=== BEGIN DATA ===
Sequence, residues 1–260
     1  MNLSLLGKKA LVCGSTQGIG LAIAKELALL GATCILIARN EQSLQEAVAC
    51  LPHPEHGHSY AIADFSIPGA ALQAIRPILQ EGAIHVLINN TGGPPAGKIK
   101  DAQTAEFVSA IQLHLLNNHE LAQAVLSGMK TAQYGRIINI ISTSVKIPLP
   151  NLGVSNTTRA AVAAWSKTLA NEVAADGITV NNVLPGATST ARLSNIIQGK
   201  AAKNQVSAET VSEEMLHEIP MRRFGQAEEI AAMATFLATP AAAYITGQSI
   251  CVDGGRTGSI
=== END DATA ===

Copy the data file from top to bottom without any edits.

Sequence, residues 1–260
     1  MNLSLLGKKA LVCGSTQGIG LAIAKELALL GATCILIARN EQSLQEAVAC
    51  LPHPEHGHSY AIADFSIPGA ALQAIRPILQ EGAIHVLINN TGGPPAGKIK
   101  DAQTAEFVSA IQLHLLNNHE LAQAVLSGMK TAQYGRIINI ISTSVKIPLP
   151  NLGVSNTTRA AVAAWSKTLA NEVAADGITV NNVLPGATST ARLSNIIQGK
   201  AAKNQVSAET VSEEMLHEIP MRRFGQAEEI AAMATFLATP AAAYITGQSI
   251  CVDGGRTGSI